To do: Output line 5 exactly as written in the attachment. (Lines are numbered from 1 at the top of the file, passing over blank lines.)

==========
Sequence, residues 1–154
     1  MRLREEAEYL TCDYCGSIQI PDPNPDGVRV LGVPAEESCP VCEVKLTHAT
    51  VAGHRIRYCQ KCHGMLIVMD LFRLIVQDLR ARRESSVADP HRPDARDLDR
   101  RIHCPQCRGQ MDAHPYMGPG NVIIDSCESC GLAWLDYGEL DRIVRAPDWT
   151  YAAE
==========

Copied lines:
   151  YAAE